Fears as Saxa Vord resort is put up for sale after only three years


THE SAXA Vord leisure complex which helped bring regeneration to Unst after the RAF pulled out of the island in 2005 has been put on the market.

Owner Frank Strang is offering the entire property in Haroldswick, which includes 21 self-catering houses plus a hostel, for £2.75 million.

Although the whole complex is for sale, Mr Strang hopes to sell only part of it.

That way, he says, at least some of the money freed up from the sale can be reinvested into the complex.

The move has sparked concerns among community leaders, who fear the complex could be mismanaged if it falls into the wrong hands.

But Mr Strang, who himself lives in Speyside, says he is keen to put the complex into the hands of its own community.

The decision, he said, reflected what he openly set out to do in the first place when he bought over the base three years ago.

“There is absolutely no hidden agenda – and this has absolutely nothing at all to do with the credit crunch or financial problems here or anywhere else,” he said.

“When I took the place over two and a half years ago I said my vision was to acquire the site, turn it into a destination resort and then look to bring in local ownership, which would allow me to hold up Saxa Vord as an example of what such a regeneration can achieve.

“I met with the community council in Unst a couple of weeks ago to tell them of the plans. “Other than some valid criticisms, they said they were very pleased with what Saxa had done for Unst.”

Mr Strang said he would remain committed to the area, and even if someone offered the full asking price he would seek to retain a foothold in the development.

“It’s very difficult to manage from a distance. We’ve got staff up there who really care, so from a Shetland perspective it would be nice to have some form of local ownership.

“I’m trying to ensure there is a longevity to the business, and that it remains sustainable.”

Mr Strang said the complex had attracted acclaim from far and wide, despite some customers experiencing teething troubles when the complex first opened for business.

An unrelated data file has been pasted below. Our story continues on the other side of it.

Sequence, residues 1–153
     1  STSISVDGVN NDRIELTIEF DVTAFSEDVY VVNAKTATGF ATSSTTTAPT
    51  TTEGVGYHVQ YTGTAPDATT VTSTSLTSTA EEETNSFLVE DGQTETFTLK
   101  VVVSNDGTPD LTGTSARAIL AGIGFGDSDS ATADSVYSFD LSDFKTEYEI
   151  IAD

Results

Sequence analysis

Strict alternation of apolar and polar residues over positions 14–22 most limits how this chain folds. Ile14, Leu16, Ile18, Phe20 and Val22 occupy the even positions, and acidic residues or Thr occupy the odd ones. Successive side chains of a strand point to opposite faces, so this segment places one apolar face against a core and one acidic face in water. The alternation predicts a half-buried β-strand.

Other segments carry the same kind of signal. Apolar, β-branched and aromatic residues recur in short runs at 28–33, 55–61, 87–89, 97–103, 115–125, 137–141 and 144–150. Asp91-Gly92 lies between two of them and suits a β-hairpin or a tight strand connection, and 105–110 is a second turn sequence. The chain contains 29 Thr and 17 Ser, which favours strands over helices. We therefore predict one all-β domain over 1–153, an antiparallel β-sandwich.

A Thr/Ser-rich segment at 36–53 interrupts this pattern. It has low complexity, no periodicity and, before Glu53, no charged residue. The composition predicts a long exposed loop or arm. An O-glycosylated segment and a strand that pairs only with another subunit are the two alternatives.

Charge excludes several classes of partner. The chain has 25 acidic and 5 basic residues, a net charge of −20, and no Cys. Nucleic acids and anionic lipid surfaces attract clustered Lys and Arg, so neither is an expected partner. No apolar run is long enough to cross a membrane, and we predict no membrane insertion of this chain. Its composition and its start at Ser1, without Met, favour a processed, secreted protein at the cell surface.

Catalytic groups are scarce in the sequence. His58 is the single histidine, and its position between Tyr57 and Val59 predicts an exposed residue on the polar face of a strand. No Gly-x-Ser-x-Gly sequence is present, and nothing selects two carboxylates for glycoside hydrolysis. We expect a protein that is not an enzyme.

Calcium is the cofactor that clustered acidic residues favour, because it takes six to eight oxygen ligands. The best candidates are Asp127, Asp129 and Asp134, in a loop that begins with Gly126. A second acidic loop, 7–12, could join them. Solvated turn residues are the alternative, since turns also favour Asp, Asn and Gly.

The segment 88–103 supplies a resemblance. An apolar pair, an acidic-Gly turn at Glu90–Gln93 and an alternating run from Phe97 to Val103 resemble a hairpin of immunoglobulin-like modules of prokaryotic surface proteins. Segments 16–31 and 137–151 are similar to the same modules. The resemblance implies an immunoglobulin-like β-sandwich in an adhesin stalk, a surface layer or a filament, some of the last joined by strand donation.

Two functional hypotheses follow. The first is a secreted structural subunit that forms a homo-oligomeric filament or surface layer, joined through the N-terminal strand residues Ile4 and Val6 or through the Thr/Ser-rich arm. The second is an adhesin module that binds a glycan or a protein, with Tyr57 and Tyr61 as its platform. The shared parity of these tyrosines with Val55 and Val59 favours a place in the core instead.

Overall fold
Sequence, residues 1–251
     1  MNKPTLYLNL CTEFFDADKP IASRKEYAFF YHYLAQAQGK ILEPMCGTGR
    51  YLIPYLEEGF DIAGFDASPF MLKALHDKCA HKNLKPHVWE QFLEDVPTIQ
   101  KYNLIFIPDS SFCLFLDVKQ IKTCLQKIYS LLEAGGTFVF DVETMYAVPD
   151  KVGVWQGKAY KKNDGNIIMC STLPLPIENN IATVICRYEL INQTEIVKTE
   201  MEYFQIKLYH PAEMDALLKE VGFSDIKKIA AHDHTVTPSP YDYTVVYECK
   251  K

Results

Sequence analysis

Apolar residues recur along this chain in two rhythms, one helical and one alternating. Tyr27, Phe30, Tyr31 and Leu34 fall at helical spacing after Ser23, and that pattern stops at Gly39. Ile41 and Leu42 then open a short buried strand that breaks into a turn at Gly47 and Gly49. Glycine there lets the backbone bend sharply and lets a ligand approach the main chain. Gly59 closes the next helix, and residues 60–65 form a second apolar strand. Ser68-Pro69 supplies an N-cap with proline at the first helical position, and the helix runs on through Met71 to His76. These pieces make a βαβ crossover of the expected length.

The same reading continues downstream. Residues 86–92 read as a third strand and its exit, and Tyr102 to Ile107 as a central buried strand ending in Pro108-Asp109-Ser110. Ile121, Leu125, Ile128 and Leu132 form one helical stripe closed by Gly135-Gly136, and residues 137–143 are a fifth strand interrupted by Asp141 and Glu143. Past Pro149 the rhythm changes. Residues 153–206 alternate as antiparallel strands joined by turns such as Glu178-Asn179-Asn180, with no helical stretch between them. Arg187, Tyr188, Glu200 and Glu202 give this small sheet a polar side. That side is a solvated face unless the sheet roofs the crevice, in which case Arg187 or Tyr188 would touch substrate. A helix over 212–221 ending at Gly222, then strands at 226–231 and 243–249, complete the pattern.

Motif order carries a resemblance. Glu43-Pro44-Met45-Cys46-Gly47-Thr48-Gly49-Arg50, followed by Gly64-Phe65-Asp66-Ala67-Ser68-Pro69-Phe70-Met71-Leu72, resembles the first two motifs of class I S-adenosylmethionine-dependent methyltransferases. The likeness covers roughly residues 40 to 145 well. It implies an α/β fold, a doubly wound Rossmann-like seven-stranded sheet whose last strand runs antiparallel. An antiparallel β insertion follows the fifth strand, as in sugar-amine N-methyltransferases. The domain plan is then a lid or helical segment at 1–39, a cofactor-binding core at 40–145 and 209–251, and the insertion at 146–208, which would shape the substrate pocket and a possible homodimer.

Back then the move provided a glimmer of hope for community leaders in Unst, which lost 40 per cent of its work force when the RAF moved out.

“This year alone we had four and a half thousand visitor nights from April to August – and that’s not counting the people who just came through the restaurant and bar.

“We’ve had 27 people working throughout the summer. It’s seasonal work but they’ve been pretty flat out.”

A lot of that work has been to do with customers from within Shetland, who have been visiting the complex in their droves.

Mr Strang said 61 per cent of visitors over the summer came from within the isles.

He said he expected trade to go up again next year, as people choose to avoid travelling large distances in the face of rising costs.

Mr Strang said he had invested a seven figure sum into the business, but scotched rumours he had simply benefited from investment by public agencies.

Earlier this year he criticised a response team set up by Shetland Enterprise in the wake of the RAF departure for failing to help local businesses.

“People assume we’ve taken public sector grants and then walked away. We’ve had nothing.”

Money from the sale will be used to invest in a renewable heating solution, which will replace the complex’s unreliable and inefficient system.

“The negative side to Saxa Vord has always been its centralised heating system. It’s heating the whole site and with oil prices heading north recently, it was becoming expensive to heat the site.”

Chairman of the Unst Community Council Laurence Robertson greeted the news with some caution.

He said the community would have to “wait and see” what interest came from potential buyers.

“We’ve seen what he [Frank Strang] has done with the place so we know how serious he is about it. He’s still taking on work and sprucing the place up. I’ve been through it and as far as we are aware it will be in action from next April as well as December this year.

“We’ll have to start looking into whether it’s a realistic possibility to have it sold. There’s nobody up here with huge sums of money to invest.”


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